I’ve been a project manager in some capacity for the majority of my career and have spent a handful of years working with developers. I’m big on productivity and have always found that I get my best work done in the morning hours so I never truly understood why developers claim to do their best work in the middle of the night. Is it really true? Or do they just like to sleep in 😉
I spent some time researching this topic and came across some of the obvious answers…no disturbances (like annoying PMs,) or meetings, it’s quieter, it’s darker, and no interactions with others. However, I did come across a few other reasons related to how your brain works that I found pretty interesting.
Your brain can focus on a single task better when you are tired. This idea didn’t make much sense to me….don’t we all need 8 hours of sleep a night to feel refreshed and conquer our day? Of course, it’s very important for your health and lifestyle to sleep, but I guess for some a tired brain is beneficial. From what I’ve read, an exhausted brain doesn’t have time to think about multiple-tasks. It can only focus on one thing (like coding) and getting that task done before you fall asleep. As a PM I get pulled in different directions all day long and for me being alert and able to multi-task is key but for some (like developers,) staying uber focused on one task is vital to success.
Your creativity can peak when you’re tired. It’s been scientifically proven that problem-solving comes most naturally when you’re groggy and you allow your brain to wander. Researchers found that people are more likely to come up with creative solutions to problems when they were tired. For some, this meant in the morning, for others it was the afternoon, evening or middle of the night. It just depends on the person. So I decided to ask some of the developers at Tyrannosaurus Tech and see when they get their best work done.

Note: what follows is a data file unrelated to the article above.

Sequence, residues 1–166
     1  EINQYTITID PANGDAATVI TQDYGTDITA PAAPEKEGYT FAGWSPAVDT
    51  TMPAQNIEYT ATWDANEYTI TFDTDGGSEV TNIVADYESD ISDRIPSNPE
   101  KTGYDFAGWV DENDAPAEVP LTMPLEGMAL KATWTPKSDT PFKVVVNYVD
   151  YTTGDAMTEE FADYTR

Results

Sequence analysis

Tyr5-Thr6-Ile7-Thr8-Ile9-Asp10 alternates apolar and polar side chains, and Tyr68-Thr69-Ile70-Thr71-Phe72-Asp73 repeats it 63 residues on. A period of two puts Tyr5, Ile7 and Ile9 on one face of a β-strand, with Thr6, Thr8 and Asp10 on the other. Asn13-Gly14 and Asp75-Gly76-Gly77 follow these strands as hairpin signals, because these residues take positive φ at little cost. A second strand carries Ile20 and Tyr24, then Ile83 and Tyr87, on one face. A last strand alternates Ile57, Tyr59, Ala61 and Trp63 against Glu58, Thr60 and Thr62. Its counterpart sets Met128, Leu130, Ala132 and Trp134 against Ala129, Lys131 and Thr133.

Jason Bishop, one of the co-founders of Tyrannosaurus Tech said 1:30 am is his favorite time to code. Why?
“No interruptions from people, environment. Also I think the darkness helps me concentrate and not be as susceptible to distraction. My mind is sharper at night. Easier to enter that ‘flow state.’ For me, personally, and I know not everyone else is the same way, but being free from interruptions means I am like IDK…4 times more productive? It’s an insane increase in productivity.”
Joshua Hunt, Backend Developer, actually says he prefers 6am – 11am. Why?
“I find morning to be the most peaceful and clear part of the day, which lets me write code in a state of mindfulness, focused entirely on just the code. Throughout the rest of the day, I’m also working on a variety of issues separate from coding, which makes it difficult to get back into that sort of zen state that I can achieve in the morning.”
Well, I don’t think I’ll be switching to working nights but I did find it interesting to learn why it works for others. Guess I’ll be a little more understanding when developers ask me to move our status meeting to a little bit later in the day!